Chippewa Valley Technical College Agriscience students Adam Brahmstadt and Cody Welke couldn’t wait to get their hands on $1 million worth of state-of-the-art farming equipment donated to the school’s program.
Brahmstadt, Welke and other classmates are using a variety of Case IH equipment on a 17-acre field owned by CVTC adjacent to the Eau Claire West Campus, and on area farmland.
“It’s pretty high-tech stuff,” said Brahmstadt, 19, of Menomonie. “I really like the hands-on experience that we get with the equipment and in the class. I like the chance to drive and use the new equipment. It’s great that CVTC has this. It’s a big plus for the program and for me, knowing how to use it.”
“The program has worked out really well for us,” said CVTC Agriscience Instructor Brad Mathson. “Case IH gets the exposure, our students get to work with top equipment, and the business gets to sell practically new equipment at a discount. It works out well for everybody.”
The high-tech tractors operate in part by GPS coordinates, which allows them to almost drive themselves, Mathson said. The technology also allows proper distribution of fertilizer and seed.
“All this technology allows the farmer to have some consistency in what they are doing,” Mathson said. “Farmers get a higher yield because of it. It’s good for our students to have these types of opportunities to work with it. It’s the way of the future.”
Students take what they learn from soil testing, planting, fertilizing, and yield into an agriculture computer class to determine “what they could have changed, or should have done. They take the theory and put it into practical application,” Mathson said.
Case IH equipment being utilized this spring includes a 340 Magnum tractor, a turbo-till unit, a 24-row corn planter and 35-foot grain platform, Mathson said.
“This isn’t work, it’s play,” said Welke, 18, of Osseo. “The precision ag stuff is new to me, with the GPS and auto steer. This has opened my eyes a bit to what is out there. When you look at the size and how modern this equipment is, and how much fun it is to work with, you just can’t wait to get out there,” he said.
CVTC students have completed soil testing of the field near the West Campus, and will soon be planting. The field is near the site of CVTC’s proposed Energy Education Center. That would allow the field to be used as much for demonstrations as it would for students’ hands-on learning.
Students will also do corn crop testing, and marketing students will develop a marketing plan on how to sell the harvested crop.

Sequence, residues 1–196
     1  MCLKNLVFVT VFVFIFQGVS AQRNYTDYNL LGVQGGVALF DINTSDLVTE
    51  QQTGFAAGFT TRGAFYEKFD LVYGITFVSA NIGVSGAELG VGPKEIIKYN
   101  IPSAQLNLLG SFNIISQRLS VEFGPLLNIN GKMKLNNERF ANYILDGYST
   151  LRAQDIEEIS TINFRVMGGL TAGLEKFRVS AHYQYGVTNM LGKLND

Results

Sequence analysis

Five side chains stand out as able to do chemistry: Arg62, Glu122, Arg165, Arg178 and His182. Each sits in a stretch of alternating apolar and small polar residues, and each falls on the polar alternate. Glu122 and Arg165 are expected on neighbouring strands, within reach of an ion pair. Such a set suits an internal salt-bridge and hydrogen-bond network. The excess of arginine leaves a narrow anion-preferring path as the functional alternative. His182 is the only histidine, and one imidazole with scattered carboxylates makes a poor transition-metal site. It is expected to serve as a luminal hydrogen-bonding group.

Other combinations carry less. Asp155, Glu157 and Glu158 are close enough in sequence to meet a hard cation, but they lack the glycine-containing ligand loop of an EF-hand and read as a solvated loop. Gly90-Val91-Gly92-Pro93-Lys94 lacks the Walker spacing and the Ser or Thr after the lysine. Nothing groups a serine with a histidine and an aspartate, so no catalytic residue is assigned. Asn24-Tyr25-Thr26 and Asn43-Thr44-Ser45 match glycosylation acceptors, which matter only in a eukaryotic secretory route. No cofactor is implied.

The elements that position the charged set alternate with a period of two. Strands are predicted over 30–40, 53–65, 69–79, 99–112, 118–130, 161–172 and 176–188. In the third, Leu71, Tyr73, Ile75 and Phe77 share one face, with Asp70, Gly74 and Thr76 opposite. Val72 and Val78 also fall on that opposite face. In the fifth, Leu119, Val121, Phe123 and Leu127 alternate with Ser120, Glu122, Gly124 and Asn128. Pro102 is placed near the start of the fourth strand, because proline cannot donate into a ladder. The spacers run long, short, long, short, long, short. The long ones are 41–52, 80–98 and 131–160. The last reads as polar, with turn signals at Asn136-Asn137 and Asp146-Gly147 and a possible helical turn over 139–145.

CVTC Agriscience students also work about 400 acres of area farmland.
“Farmers donate land and we are like the custom operator,” Mathson said. “They put the supplies up while we supply the labor and equipment. It works out well for us all.”
Brahmstadt, Welke, and another Agriscience student, Ashley Swan, 19, of Ogema, each said they will encourage others to participate in the CVTC program.
“It’s nice to have all the newer equipment available, but there is so much more to the program than just that,” Swan said. “I’d certainly tell others to get involved with this. It helps in so many areas of ag.”
CVTC also has the use of two Case IH skid steers, primarily used for its Landscape, Plant and Turf Management program, and various CVTC projects.
“Because this is a newer technology, we as a technical college could not invest in that modern of implements without it costing a sizeable amount of money,” said Aliesha Crowe, Dean of Energy, Agriculture and Technology at CVTC. “We enjoy and value the partnership of Case IH and the local implement dealerships. Having this equipment allows us to offer students the most modern equipment and expert training.”
The partnership between Case IH, several of its local dealers, and CVTC is proving to be rewarding for the businesses, their customers, and CVTC students.
Case IH has donated the use of an estimated $1 million of high-tech equipment to CVTC each of the past two years. In exchange, local Value Implement dealerships with Case IH agreements get a discount to sell the used equipment, resulting in savings for customers.
“The plan is to get Case IH visibility, out in the field, and to get the next generation of farmers in the latest, greatest technology out there,” said Jerry Olson, manager of Value Implement of rural Menomonie.
“It has been a good marriage between Case IH and CVTC, helping us get our product out there and helping the agriculture program at CVTC,” Olson added. “It’s worked out great in all aspects.”
Area Value Implement stores, including Menomonie, Osseo, and Arcadia, receive a discount from Case IH for servicing and monitoring the equipment. That discount is passed on to customers when the equipment returns to the dealerships.
“Students get to do precision farming with newest equipment, we get to give discounts and the customers benefit,” Olson said.
Bob Salonek, chief operating officer for Value Implement, said the partnership with CVTC has been rewarding.
“We get to have these young future farmers in the most highly-advanced technical equipment out there, where they are able to learn precision farming. It helps them know what tools are available and it helps us with visibility and sales, where customers get this equipment at a discount,” he said.
“We really enjoy working with CVTC and look forward to a long relationship with them,” Salonek said.